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As the election looms, the bears’ days look numbered

2020 has been a wild year to say the least. Stock markets zoomed… crashed… then skyrocketed to new highs. To say the market has been volatile is an understatement. It seems there’s another challenge facing us every week.

The latest is President Trump, the First Lady, and other high-profile cabinet members testing positive for the coronavirus.

This news sent shockwaves across the globe. There will likely be hourly reporting on their health—let’s pray that they and everyone else facing the virus make a speedy recovery.

These events are just the latest in what is shaping up to be a volatile election year. Two weeks ago, I discussed how the Big Money tends to sell stocks heading into Election Day, and buy after. That theme is once again playing out this year.

So, what can we expect for October? 

Let’s look at the data.

Markets fall in October during election years

September tends to be a negative month for the markets… and 2020 continued that trend, with the S&P 500 (SPY ETF) falling 3.74%. 

October election years since 1990 are usually red, too—with an average S&P 500 return of -2.45%. While that may be alarming, it’s only half of the story. I’ll show you what I mean in a second—but first, let’s look at where the Big Money sits today.

Below is the MAPsignals Big Money Index (BMI), which measures the likely buying and selling of Big Money accounts. If the index is falling, it means Big Money is selling, and vice versa.

As you can see, the BMI been in a steady downtrend for well over a month:

That’s what tends to happen leading up to Election Day. Two weeks ago, I showed you three historical election charts (2016, 2012, and 2008). The charts showed a pattern of Big Money selling ahead of Election Day… and buying shortly afterward.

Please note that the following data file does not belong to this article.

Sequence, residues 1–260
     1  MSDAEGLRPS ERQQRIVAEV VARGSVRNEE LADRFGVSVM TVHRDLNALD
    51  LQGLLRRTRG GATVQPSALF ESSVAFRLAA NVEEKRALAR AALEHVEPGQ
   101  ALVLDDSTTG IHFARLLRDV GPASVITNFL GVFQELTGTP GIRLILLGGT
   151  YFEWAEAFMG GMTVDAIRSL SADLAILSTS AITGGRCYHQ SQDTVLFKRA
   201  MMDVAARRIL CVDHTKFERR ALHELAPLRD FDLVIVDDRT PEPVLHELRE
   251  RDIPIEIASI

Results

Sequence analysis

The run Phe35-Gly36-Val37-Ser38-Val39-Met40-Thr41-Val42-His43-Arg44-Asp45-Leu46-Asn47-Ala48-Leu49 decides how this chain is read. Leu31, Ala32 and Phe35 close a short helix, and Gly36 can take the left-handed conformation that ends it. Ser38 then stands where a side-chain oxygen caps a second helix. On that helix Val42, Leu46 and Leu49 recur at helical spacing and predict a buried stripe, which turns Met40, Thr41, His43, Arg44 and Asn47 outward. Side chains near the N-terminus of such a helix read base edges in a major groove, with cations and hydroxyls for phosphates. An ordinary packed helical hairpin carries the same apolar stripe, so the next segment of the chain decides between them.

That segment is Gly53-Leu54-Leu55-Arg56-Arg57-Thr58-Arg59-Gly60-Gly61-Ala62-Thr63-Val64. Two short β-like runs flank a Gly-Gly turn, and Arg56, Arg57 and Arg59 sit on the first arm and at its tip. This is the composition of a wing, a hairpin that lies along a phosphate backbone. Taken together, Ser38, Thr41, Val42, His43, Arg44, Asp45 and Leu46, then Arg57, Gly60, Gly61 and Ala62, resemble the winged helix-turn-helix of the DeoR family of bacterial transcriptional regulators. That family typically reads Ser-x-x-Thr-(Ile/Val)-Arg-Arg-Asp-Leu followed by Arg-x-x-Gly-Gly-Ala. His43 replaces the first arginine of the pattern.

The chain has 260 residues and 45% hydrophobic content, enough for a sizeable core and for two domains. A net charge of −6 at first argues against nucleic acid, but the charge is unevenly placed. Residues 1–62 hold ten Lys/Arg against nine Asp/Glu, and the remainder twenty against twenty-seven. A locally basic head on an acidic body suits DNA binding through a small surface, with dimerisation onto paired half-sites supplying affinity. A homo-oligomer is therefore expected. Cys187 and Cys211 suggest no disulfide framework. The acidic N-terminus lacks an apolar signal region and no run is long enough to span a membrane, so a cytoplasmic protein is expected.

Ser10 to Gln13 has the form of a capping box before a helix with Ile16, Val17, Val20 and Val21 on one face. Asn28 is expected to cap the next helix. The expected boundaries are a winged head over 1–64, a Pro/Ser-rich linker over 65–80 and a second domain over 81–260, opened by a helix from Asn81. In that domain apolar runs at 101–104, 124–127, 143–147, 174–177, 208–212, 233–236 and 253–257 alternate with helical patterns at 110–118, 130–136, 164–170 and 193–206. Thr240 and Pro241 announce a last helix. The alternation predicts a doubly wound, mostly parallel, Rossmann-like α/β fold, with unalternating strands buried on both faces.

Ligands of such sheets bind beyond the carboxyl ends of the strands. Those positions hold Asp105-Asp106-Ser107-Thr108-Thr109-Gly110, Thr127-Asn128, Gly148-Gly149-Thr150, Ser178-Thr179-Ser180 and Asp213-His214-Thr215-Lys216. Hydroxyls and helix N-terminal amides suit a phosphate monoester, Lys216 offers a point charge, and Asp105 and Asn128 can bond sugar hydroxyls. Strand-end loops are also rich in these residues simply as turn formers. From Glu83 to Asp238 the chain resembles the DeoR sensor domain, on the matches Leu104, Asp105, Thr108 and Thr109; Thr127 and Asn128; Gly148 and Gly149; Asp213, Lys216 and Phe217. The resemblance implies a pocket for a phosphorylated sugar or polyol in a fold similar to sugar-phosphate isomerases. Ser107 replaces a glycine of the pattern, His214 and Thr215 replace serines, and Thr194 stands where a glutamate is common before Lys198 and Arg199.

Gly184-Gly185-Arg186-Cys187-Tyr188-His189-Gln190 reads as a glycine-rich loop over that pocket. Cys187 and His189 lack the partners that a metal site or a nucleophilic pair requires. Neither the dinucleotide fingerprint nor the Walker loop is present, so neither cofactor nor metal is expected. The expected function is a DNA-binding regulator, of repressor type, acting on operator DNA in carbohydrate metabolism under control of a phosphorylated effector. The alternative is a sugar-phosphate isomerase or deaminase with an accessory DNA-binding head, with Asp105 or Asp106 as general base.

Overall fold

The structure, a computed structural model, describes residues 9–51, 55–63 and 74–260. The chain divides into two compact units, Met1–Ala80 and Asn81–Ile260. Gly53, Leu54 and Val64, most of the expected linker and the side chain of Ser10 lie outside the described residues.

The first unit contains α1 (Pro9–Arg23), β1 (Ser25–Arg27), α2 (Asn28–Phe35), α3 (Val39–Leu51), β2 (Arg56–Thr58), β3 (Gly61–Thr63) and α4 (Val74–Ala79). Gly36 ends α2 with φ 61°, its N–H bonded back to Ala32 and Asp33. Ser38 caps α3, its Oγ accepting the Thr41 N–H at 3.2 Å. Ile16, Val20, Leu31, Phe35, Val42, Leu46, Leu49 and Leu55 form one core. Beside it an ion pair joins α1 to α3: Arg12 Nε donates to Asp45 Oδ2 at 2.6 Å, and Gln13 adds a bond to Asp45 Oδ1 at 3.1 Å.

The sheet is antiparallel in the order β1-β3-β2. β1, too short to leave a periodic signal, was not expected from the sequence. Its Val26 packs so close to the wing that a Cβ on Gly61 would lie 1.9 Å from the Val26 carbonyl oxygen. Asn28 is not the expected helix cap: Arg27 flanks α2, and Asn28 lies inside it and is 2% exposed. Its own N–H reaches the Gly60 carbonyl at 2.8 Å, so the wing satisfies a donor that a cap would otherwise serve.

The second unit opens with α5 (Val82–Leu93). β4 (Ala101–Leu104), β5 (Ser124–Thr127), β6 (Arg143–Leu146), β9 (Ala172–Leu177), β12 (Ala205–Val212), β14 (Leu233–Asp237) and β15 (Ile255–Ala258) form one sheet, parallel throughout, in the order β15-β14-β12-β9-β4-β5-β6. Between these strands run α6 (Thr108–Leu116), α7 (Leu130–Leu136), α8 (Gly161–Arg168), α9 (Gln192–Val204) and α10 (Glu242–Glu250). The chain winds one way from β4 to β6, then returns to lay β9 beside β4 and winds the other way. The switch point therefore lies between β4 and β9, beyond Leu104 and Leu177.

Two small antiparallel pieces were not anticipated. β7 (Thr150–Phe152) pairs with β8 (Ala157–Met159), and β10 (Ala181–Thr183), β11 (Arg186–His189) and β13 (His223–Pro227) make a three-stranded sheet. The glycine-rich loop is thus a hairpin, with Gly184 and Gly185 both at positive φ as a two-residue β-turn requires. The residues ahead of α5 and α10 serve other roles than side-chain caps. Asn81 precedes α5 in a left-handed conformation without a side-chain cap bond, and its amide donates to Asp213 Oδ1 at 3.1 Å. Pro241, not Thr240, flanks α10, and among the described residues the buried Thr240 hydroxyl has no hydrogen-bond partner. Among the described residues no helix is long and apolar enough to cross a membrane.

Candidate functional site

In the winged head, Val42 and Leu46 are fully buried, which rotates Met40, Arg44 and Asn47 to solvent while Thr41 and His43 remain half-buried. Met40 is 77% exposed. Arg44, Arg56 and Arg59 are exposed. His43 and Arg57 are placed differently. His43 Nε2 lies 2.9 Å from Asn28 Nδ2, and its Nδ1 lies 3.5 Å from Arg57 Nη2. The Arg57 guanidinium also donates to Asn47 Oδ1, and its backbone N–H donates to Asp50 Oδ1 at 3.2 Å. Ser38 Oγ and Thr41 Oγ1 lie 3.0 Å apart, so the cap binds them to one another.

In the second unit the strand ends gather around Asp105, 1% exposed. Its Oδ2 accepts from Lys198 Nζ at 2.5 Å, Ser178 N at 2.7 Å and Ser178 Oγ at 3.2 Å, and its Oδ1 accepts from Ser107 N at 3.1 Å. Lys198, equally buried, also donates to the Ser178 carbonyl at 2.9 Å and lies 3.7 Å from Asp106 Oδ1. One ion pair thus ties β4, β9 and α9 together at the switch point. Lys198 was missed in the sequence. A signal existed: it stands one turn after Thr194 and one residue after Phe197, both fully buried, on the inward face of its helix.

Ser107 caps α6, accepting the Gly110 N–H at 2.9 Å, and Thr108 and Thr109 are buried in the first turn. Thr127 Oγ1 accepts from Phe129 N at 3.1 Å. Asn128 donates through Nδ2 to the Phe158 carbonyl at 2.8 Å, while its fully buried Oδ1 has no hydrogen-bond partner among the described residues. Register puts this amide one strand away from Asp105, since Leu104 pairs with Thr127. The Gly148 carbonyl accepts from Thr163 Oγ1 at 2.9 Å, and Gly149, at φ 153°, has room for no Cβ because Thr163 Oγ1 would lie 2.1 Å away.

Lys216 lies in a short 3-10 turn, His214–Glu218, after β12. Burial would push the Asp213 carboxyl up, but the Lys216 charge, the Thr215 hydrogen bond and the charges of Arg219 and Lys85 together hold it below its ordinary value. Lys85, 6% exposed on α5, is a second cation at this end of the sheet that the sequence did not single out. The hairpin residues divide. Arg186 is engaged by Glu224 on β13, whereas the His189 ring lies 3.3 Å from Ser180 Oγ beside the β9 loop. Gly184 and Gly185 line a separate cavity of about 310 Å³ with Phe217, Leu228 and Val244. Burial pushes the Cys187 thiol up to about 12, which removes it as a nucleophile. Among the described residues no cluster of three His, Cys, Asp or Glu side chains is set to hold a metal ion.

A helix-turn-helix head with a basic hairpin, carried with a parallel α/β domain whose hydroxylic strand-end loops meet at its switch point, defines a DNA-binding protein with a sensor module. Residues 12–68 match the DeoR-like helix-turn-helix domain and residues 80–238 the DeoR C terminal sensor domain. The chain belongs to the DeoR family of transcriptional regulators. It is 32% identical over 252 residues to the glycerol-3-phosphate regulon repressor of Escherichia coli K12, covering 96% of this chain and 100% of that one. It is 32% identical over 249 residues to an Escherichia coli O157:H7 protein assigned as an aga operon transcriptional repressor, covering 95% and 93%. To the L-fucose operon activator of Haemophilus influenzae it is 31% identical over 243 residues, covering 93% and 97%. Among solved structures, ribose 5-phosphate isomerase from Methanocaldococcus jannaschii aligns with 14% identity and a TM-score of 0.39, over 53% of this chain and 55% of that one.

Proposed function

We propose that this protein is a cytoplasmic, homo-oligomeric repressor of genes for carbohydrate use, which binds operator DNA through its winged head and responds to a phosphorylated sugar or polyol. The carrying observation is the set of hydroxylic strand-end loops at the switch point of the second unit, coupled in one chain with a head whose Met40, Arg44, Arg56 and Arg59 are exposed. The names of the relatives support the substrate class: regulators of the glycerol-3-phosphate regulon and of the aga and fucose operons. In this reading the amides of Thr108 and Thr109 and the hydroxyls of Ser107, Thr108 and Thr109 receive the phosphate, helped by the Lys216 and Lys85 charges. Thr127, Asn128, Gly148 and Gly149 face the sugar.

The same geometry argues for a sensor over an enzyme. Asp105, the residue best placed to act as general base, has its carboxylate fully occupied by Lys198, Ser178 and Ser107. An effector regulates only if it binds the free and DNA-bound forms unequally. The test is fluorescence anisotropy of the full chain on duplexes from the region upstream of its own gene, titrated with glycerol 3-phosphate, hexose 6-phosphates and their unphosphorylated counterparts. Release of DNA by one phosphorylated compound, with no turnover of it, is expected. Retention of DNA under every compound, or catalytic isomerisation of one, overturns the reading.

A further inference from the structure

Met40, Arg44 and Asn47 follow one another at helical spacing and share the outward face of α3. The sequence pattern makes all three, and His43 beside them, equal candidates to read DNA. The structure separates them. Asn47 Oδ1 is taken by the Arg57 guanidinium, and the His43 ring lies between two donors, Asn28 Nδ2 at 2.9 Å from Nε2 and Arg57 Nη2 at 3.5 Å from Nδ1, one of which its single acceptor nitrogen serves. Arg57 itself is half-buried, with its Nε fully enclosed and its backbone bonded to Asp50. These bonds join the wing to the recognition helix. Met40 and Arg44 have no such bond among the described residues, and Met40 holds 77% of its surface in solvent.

Let’s now look at a few more… The blue line is Election Day:

Here’s 1992:

Now, 1996:


Lastly, 2004:

Two things should be apparent when looking at each of these charts: 

  1. The BMI is under pressure heading into the election
  2. The bulls tend to step in after the election results are in

Will that happen again this year? There’s no way to know until we get there… But the theme of selling ahead of the election is already in motion. Let’s look at the BMI today under the Election Day framework:

Things look very similar to prior election years. From a data standpoint, Big Money is likely taking some chips off the table heading into Election Day.

And if history is any guide, the buyers will likely show up shortly after the results are in. 

Here’s the bottom line: Election year pullbacks are part of the game. Hang in there folks…The bears’ days look numbered.

Luke Downey
Luke Downey is the co-founder of Mapsignals, which focuses on finding outlier stocks by following the big money. Luke is also an options instructor with Investopedia Academy. Prior to Mapsignals, he spent many years on institutional derivatives desks at Cantor Fitzgerald & Jefferies, LLC.

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